You made a good argument for why it would be a bad idea, and then your last sentence actually answered my question, though the other responses showing that it has already been implemented has been very useful to me. –  James Black Sep 17 '09 at 0:27

For people who like such things, there's an interesting editor called SubEthaEdit.

It allows you to see who is working on a document, see their editing region in its own color, track who made changes to a file, etc…

alt text

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etherpad.com is another one. –  Amir Sep 16 '09 at 16:57

Such collaborative editors already exist - Gobby is one I've used, but there are a few others.

We used it last semester to proof read our report - it's a nice tool for such a purpose, although there can be a bit of chaos if everyone tries to edit the same place at the same time.

Would it work? Perhaps. It does require that they maintain that strict division of responsibilities in order to keep the benefits pair programming helps with - it's a bit easier to enforce this when there's only one keyboard. It may also be a bit harder to discuss implementation details - some things can be easier to explain when you have a whiteboard and can talk face-to-face.

On the other hand, using a collaborative editor makes the practice possible without having to bring the two people together in the same room. The two programmers could even sit in different parts of the world while doing this.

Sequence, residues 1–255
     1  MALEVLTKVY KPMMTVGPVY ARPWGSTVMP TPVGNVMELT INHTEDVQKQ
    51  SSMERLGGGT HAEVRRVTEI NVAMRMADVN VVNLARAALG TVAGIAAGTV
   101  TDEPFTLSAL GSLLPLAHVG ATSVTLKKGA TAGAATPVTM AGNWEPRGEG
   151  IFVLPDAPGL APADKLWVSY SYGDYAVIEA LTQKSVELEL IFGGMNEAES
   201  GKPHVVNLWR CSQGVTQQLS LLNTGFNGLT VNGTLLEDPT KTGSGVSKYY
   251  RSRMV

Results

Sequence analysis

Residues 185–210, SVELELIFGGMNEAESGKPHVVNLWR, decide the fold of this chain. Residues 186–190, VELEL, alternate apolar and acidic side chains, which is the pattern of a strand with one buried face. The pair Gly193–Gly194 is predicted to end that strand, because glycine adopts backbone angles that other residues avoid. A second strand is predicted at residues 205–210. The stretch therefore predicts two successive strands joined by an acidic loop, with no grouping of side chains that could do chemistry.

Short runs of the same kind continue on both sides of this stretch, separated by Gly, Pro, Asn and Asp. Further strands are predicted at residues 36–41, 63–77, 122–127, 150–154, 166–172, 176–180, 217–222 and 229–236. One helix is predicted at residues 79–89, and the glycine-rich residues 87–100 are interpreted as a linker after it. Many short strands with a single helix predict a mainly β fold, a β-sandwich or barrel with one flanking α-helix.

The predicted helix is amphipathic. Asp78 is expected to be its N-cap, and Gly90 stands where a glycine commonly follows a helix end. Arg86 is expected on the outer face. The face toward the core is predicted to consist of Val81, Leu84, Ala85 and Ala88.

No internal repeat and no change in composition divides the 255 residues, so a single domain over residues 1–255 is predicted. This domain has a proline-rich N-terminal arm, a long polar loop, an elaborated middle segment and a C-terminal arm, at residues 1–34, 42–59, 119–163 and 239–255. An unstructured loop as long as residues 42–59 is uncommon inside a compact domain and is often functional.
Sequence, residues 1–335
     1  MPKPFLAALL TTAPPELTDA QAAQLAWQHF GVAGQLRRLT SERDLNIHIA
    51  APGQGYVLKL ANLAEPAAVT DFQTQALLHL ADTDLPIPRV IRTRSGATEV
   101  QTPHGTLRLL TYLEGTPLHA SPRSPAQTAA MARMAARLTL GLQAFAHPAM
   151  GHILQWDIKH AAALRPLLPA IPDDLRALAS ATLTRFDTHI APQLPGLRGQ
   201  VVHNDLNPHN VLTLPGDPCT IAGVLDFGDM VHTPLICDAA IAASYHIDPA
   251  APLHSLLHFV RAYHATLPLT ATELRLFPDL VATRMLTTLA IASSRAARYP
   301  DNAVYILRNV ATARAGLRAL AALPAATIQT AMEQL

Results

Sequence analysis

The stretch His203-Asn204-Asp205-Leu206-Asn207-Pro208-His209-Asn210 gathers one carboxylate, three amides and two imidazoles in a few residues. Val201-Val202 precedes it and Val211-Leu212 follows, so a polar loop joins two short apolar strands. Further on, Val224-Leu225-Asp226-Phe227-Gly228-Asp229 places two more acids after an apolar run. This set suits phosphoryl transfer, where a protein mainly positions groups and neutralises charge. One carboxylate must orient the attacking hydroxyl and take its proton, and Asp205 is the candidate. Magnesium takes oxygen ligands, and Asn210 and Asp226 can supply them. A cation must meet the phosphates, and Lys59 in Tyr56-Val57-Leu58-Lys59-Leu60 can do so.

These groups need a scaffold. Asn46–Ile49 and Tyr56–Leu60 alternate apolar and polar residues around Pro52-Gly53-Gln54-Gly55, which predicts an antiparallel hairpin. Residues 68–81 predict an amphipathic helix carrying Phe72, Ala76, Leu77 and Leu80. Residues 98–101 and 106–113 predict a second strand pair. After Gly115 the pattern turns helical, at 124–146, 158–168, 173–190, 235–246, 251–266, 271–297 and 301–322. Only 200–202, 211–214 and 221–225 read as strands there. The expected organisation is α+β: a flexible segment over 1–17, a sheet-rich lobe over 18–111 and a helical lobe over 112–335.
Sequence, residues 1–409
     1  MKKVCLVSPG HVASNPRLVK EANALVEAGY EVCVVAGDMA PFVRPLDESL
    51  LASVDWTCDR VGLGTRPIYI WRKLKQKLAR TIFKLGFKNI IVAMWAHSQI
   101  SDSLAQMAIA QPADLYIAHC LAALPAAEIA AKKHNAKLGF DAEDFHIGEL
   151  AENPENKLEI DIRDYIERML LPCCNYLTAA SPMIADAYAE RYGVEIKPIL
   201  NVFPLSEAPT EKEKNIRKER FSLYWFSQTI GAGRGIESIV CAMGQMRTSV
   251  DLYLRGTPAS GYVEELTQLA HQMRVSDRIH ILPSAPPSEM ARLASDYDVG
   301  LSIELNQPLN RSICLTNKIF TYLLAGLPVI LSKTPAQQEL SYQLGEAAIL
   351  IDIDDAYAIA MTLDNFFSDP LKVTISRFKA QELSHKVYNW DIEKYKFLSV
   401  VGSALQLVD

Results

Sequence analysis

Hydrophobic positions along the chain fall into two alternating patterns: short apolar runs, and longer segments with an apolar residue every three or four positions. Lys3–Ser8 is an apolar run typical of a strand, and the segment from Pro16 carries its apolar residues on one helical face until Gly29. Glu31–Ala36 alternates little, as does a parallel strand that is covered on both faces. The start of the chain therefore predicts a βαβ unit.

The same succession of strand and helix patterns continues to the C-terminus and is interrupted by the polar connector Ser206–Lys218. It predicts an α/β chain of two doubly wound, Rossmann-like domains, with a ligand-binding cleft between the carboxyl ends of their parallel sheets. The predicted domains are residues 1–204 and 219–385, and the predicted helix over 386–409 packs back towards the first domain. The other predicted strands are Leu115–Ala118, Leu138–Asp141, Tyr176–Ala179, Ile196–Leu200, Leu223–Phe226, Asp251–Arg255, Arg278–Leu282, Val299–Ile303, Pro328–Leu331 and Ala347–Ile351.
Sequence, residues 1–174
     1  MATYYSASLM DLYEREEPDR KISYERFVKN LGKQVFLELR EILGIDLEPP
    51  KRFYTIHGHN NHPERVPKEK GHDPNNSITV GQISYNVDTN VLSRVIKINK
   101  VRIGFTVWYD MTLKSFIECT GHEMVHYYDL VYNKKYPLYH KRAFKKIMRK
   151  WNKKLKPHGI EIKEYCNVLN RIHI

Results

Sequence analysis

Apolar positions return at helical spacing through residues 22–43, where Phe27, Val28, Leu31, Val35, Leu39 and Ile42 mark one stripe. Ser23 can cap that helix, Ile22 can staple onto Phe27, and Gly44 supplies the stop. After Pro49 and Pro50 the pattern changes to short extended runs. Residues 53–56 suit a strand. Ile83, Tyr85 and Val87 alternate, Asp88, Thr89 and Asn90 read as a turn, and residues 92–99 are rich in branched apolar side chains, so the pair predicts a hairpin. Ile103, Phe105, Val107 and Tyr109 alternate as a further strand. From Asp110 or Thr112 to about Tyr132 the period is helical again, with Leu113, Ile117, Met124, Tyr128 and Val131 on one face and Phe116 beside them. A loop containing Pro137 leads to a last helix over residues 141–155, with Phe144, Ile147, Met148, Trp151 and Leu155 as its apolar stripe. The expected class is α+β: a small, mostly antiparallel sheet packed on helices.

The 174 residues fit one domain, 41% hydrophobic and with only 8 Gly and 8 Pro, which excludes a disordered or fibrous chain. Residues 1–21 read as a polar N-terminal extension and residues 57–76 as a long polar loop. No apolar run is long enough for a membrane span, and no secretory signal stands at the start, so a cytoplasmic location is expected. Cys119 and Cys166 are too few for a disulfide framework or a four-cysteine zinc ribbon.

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Mozilla created BeSpin which if I recall is precisely that https://bespin.mozilla.com/

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Wow, this looks so cool. –  James Black Sep 16 '09 at 16:59

I agree with Kylotan's initially any about 2 people working on different aspects of the same file is avoiding why there is pair programming. My understanding of pair programming is that together choices are made and while one types in the code that was agreed, the other is acting as that second set of eyes to ensure that it is what was understood. Thus, it isn't just one person typing whatever they want, but putting in what was agreed and getting that agreement can work out many of the details in someone's initial idea that may end up being a good solution thanks to some feedback.

Sometimes we've used 2 keyboards and 2 mice on a computer but generally it is easier to just have one and take turns typing up stuff. If we find some grunt work, we may split up so each does the part that has to be done that isn't hard or tricky, just boring and almost monotonous.

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Pair programming is about one having keyboard and mouse, and the other one providing feedback. You can switch these roles or give the keyboard to one and the mouse to the other, but you will always have to work on/think about the same piece of code for it to be pair programming.

I don't see how such an editor could help with this, but I can see how it could hinder.

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Well, one keyboard + mouse at a time at least. At our pairing stations we have 2 keyboards + 2 mice hooked up to the same machine with 2 monitors, like JB King below. –  Chris Simmons Sep 16 '09 at 16:51